An old Khmer woman, and I looking in
January 16, 2012
Story By Aly Heare
I step into the welcoming gateway of a Cambodian Buddhist temple in An Gaing province and my breath is taken away. This is not the first temple we have visited yet the beauty of the architecture and the spirit of the place affects me every time. In other words, it never gets old. My path in unguided so I meander through the ornate rooms dedicated to worship and thanks, with wide eyes I try to absorb every detail of the people giving prayers to their god(s).
But my religious stupor is short lived due to the worst tourist trap we have experienced thus far, a bird trap. You can buy the freedom of a swallow from a plastic mesh bag, but the catch 22 is that the seller will just trap it again the next day. It is a revolving cycle of rip offs, Avery (of course) falls for it.
With the temple behind us and a few freed birds circling over our heads we start our ascent of Mt. Sam, the tallest geographical feature in the Mekong Delta. The stairway is steep and winding through locals casas and hammock shops. I peak into their doorways and see their lives inside, what we call back in the states window creeping. The air is being sucked into my lungs at a rapid rate and my heart has gained a stronger beat. It’s not a mountain by Montana standards but it is producing the symptoms. Every step up I take the view improves. I can soon see into both Vietnam and Cambodia, with the border consisting of a large canal. But the geography does not change; rice fields stretch out in either direction as far as the eye can see.
I make it to the top, with my heart pounding in my ears. Then the view hits me, my breath is taken from my alveoli. Its stunning. But my worship is again stained by a tourist trap shooting range coupled with the birds at the peak of this magical mountain. We descend down another way, the roadway that it. I wonder how this mountain survived while the rest of the Mekong was washed flat thousands of years ago? No matter its origins it stands strong and stable now making me miss the protective mountains that surround our valleys back home. I must remind myself of the here and now, soak it all in. I come back to my present surrounding and move on with the adventure that every day in Vietnam provides.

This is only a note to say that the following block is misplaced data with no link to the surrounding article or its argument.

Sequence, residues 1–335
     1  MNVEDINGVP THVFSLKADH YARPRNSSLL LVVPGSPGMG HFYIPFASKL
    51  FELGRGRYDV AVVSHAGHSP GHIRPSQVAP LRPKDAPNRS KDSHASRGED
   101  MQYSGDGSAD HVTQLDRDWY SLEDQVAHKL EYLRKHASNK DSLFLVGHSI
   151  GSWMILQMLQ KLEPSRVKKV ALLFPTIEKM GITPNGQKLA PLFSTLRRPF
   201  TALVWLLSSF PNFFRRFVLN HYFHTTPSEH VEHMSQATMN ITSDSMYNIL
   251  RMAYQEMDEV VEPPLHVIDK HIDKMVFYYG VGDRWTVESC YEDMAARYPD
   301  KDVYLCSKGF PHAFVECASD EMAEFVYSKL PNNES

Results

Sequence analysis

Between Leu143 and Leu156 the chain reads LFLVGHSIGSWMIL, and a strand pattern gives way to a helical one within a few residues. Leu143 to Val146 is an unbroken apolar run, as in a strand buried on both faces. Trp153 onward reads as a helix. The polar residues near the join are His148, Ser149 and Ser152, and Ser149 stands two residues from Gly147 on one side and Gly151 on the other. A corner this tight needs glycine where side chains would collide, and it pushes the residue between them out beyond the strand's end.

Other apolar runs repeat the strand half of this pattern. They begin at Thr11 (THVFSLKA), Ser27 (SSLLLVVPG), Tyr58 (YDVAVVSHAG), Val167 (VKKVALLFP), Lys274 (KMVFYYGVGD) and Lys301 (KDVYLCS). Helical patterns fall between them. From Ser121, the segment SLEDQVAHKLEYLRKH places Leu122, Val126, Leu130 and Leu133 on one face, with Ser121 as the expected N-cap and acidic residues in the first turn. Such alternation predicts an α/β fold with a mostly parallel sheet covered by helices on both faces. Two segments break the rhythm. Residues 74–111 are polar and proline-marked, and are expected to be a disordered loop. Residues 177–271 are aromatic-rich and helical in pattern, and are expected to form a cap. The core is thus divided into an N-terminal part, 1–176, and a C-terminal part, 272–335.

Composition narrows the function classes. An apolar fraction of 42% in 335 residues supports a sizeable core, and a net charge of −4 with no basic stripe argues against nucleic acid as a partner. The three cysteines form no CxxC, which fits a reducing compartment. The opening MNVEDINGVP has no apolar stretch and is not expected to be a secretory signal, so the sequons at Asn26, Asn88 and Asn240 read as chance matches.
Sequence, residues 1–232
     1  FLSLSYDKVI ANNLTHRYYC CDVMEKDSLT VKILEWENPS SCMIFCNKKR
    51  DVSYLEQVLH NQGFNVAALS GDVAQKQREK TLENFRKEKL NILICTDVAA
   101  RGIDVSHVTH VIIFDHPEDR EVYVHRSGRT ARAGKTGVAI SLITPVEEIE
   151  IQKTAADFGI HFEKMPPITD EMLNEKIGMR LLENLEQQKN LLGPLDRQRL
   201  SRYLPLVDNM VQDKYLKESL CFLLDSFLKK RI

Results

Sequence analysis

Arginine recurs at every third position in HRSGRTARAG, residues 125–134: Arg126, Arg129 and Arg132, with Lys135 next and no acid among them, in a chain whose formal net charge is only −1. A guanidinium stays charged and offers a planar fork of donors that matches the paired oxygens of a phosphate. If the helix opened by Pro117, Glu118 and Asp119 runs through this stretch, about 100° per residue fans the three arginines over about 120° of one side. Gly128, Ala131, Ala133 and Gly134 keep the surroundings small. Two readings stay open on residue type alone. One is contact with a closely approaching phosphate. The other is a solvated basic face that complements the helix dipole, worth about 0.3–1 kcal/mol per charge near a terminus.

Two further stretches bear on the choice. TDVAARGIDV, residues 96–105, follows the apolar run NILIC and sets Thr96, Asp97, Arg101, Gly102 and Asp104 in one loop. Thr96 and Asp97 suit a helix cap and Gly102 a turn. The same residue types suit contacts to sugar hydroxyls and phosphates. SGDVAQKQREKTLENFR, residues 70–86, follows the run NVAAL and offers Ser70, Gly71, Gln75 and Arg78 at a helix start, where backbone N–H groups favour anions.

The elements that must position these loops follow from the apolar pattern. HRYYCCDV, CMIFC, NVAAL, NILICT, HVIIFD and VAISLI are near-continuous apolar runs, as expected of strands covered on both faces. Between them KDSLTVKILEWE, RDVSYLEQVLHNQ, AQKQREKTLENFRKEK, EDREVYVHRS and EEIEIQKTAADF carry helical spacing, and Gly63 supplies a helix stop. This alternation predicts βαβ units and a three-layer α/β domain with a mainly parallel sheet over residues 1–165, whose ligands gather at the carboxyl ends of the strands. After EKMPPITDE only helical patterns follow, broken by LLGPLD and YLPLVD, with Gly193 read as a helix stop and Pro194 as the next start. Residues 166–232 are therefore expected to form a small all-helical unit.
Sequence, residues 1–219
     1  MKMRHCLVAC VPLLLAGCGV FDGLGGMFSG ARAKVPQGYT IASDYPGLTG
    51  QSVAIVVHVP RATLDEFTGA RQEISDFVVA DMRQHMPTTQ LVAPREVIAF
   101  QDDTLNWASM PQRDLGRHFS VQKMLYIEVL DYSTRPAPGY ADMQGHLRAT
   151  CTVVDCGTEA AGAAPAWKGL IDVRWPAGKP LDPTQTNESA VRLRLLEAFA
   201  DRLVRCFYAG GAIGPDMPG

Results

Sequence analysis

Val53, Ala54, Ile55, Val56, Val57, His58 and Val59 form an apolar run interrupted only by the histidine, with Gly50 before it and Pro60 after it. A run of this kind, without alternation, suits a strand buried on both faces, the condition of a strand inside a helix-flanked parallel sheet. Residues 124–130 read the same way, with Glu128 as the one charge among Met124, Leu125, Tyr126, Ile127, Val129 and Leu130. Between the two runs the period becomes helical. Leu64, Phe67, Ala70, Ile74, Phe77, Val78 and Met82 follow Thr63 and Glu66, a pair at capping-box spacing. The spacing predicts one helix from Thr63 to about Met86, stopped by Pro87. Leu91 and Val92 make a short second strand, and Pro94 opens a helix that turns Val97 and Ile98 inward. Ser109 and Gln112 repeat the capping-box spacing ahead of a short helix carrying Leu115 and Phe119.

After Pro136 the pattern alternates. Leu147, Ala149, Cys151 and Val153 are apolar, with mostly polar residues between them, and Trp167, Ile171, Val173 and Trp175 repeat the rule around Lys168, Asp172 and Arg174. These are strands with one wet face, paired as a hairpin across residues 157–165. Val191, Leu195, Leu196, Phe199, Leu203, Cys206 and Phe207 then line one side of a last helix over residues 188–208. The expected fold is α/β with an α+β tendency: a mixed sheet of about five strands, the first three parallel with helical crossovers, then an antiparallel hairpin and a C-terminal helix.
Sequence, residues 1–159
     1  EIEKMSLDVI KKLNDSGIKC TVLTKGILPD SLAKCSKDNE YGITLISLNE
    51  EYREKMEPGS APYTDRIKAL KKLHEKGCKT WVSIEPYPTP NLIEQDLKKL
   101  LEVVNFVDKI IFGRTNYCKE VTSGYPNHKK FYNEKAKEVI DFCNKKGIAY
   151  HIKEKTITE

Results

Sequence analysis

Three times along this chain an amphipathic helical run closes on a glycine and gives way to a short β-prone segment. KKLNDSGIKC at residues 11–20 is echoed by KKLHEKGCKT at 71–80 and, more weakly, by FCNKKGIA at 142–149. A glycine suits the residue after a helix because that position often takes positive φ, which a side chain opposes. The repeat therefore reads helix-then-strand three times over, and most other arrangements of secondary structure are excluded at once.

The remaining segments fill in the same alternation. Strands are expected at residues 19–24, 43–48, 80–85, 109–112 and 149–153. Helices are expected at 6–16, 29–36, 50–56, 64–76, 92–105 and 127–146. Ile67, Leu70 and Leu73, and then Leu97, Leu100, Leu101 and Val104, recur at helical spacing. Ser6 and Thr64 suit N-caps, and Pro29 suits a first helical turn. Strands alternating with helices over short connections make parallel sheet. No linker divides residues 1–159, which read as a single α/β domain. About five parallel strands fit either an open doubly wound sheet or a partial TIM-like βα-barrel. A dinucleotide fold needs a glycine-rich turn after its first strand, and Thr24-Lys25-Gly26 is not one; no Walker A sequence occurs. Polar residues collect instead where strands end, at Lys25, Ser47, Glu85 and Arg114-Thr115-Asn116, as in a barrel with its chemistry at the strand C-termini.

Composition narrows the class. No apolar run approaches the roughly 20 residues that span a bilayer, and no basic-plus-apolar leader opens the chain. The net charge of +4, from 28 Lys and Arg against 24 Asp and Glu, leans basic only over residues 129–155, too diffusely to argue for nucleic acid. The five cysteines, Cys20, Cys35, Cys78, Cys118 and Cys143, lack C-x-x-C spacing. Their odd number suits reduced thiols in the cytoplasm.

We load up into the dreaded van and drive a short ways down the degrading road into an ethnic Khmer village that lies near the border we just witnessed from the top of the mountain, the Vietnam and Cambodian border. We are welcomed into the home of an older women with hands that weave magic, magic being beautiful hand woven scarves from the finest of silks. Her magic incorporates fine silk thread into a masterpiece, dying the thread with a preconceived pattern in mind then weaving and layering the weaves into a breathtaking masterpiece. (As you may have noticed, my breath has been taken quite a few times today, but that is Vietnam for you.) The mechanics of the craft still jumble my mind but the one thing I grasp onto with an unbroken certainty is the end beauty. The beauty of not only the scarf but the beauty of the women who spend their lives in the quest to make something magical. Something that can bring a smile to others, and their quest was fulfilled when a smile broke through my lips.
The beauty of their craft stood in a rough contrast to their living conditions. The woman’s loom stood a half room away from the livestock’s pen. She weaved by the light of a single fluorescent light bulb, working on her quest for beauty for up to twelve hours a day. Flies encircled the children and water was collected by a pulley system of buckets from the community well. It was the poorest community we had visited throughout the whole trip.
I may be on the outside looking in, but at least I am looking. And through my sight I have seen the flesh and blood of the people on the other side of the planet, giving the word globalization a whole new meaning and I realized we are all in this together, including the old Khmer woman and I.